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Record Information
Version2.0
Creation Date2009-07-21 20:26:30 UTC
Update Date2014-12-24 20:25:51 UTC
Accession NumberT3D2740
Identification
Common NameMorphine
ClassSmall Molecule
DescriptionMorphine is only found in individuals that have used or taken this drug. It is the principal alkaloid in opium and the prototype opiate analgesic and narcotic. Morphine has widespread effects in the central nervous system and on smooth muscle. The precise mechanism of the analgesic action of morphine is unknown. However, specific CNS opiate receptors have been identified and likely play a role in the expression of analgesic effects. Morphine first acts on the mu-opioid receptors. The mechanism of respiratory depression involves a reduction in the responsiveness of the brain stem respiratory centers to increases in carbon dioxide tension and to electrical stimulation.It has been shown that morphine binds to and inhibits GABA inhibitory interneurons. These interneurons normally inhibit the descending pain inhibition pathway. So, without the inhibitory signals, pain modulation can proceed downstream.
Compound Type
  • Amine
  • Analgesic
  • Analgesic, Opioid
  • Drug
  • Ether
  • Metabolite
  • Narcotic
  • Opiate Agonist
  • Organic Compound
  • Synthetic Compound
Chemical Structure
Thumb
Synonyms
Synonym
(-)-Morphine
(5alpha,6alpha)-17-Methyl-7,8-didehydro-4,5-epoxymorphinan-3,6-diol
(5alpha,6alpha)-Didehydro-4,5-epoxy-17-methylmorphinan-3,6-diol
(5R,6S,9R,13S,14R)-4,5-Epoxy-N-methyl-7-morphinen-3,6-diol
(7R,7AS,12bs)-3-methyl-2,3,4,4a,7,7a-hexahydro-1H-4,12-methano[1]benzofuro[3,2-e]isoquinoline-7,9-diol
(−)-morphine
Avinza
D-(-)-Morphine
Duramorph
Kadian
Kapanol
Morfina
Morphia
Morphin
Morphina
Morphine Sulfate
Morphinum
Morphium
MS Contin
MSIR
Oramorph
Roxanol
Chemical FormulaC17H19NO3
Average Molecular Mass285.338 g/mol
Monoisotopic Mass285.136 g/mol
CAS Registry Number57-27-2
IUPAC Name(1S,5R,13R,14S,17R)-4-methyl-12-oxa-4-azapentacyclo[9.6.1.0¹,¹³.0⁵,¹⁷.0⁷,¹⁸]octadeca-7(18),8,10,15-tetraene-10,14-diol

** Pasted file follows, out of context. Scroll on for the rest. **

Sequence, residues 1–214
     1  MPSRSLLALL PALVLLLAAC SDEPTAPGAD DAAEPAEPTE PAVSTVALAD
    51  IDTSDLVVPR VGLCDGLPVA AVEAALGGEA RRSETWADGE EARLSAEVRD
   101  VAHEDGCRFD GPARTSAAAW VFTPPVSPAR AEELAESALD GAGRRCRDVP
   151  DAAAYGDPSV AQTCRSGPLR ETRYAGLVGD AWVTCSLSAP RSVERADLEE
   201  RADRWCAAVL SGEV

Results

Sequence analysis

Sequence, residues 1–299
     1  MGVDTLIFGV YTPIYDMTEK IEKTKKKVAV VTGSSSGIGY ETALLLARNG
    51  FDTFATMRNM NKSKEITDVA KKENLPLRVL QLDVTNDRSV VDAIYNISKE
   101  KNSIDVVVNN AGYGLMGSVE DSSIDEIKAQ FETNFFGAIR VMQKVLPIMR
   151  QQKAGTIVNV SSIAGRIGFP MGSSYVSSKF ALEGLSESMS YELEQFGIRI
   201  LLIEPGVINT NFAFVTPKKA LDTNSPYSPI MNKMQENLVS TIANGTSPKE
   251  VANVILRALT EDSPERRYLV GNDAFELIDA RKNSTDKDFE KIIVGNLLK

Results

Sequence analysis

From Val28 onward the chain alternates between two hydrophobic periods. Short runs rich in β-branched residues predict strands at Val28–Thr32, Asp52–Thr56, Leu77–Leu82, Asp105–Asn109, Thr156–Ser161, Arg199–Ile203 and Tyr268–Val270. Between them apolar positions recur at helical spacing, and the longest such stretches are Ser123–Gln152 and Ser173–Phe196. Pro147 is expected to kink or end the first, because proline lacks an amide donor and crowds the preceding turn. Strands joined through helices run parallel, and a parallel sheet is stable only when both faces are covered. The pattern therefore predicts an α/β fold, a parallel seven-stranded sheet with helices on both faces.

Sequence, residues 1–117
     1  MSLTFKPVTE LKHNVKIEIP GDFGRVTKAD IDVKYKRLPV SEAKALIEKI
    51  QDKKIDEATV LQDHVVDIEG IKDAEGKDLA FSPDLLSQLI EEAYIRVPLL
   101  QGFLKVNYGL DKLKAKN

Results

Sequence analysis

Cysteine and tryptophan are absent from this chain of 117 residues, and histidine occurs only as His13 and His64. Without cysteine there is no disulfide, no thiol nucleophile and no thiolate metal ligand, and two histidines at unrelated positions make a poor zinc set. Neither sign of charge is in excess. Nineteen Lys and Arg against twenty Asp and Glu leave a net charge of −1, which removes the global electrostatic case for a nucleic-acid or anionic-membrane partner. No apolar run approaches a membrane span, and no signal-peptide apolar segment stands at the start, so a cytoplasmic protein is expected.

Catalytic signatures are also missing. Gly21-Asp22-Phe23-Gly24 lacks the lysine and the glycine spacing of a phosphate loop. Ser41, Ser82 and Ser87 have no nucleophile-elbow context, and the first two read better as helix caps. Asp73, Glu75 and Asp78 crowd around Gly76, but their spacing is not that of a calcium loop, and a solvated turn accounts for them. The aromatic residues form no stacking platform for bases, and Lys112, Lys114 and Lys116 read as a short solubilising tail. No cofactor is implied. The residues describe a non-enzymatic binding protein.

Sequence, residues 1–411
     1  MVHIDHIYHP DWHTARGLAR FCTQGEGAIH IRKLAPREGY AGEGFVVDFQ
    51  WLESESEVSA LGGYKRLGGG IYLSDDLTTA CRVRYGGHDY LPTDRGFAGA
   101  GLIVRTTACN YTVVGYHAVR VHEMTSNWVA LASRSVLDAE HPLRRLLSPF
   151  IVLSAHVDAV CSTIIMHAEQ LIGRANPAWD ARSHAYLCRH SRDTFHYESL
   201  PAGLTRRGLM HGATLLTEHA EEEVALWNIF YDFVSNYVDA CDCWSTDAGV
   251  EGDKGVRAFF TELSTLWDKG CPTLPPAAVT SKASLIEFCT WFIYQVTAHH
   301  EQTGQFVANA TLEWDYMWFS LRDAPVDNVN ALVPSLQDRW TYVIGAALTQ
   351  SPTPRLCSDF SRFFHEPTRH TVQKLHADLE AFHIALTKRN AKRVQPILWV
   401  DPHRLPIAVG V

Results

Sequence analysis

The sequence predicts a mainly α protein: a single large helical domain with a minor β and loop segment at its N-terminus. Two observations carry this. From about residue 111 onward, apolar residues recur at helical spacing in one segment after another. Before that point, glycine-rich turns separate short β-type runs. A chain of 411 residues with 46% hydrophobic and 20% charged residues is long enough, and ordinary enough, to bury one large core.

Traditional Namemorph
SMILES[H][C@@]12OC3=C(O)C=CC4=C3[C@@]11CCN(C)[C@]([H])(C4)[C@]1([H])C=C[C@]2([H])O
InChI IdentifierInChI=1S/C17H19NO3/c1-18-7-6-17-10-3-5-13(20)16(17)21-15-12(19)4-2-9(14(15)17)8-11(10)18/h2-5,10-11,13,16,19-20H,6-8H2,1H3/t10-,11+,13-,16-,17-/m0/s1
InChI KeyInChIKey=BQJCRHHNABKAKU-KBQPJGBKSA-N
Chemical Taxonomy
Description belongs to the class of organic compounds known as morphinans. These are polycyclic compounds with a four-ring skeleton with three condensed six-member rings forming a partially hydrogenated phenanthrene moiety, one of which is aromatic while the two others are alicyclic.
KingdomOrganic compounds
Super ClassAlkaloids and derivatives
ClassMorphinans
Sub ClassNot Available
Direct ParentMorphinans
Alternative Parents
Substituents
  • Morphinan
  • Phenanthrene
  • Tetralin
  • Coumaran
  • Alkyl aryl ether
  • 1-hydroxy-2-unsubstituted benzenoid
  • Aralkylamine
  • Piperidine
  • Benzenoid
  • Secondary alcohol
  • Tertiary amine
  • Tertiary aliphatic amine
  • Ether
  • Oxacycle
  • Azacycle
  • Organoheterocyclic compound
  • Organopnictogen compound
  • Organooxygen compound
  • Organonitrogen compound
  • Organic oxygen compound
  • Alcohol
  • Hydrocarbon derivative
  • Organic nitrogen compound
  • Amine
  • Aromatic heteropolycyclic compound
Molecular FrameworkAromatic heteropolycyclic compounds
External Descriptors
Biological Properties
StatusDetected and Not Quantified
OriginExogenous
Cellular Locations
  • Cytoplasm
  • Extracellular
  • Membrane
Biofluid LocationsNot Available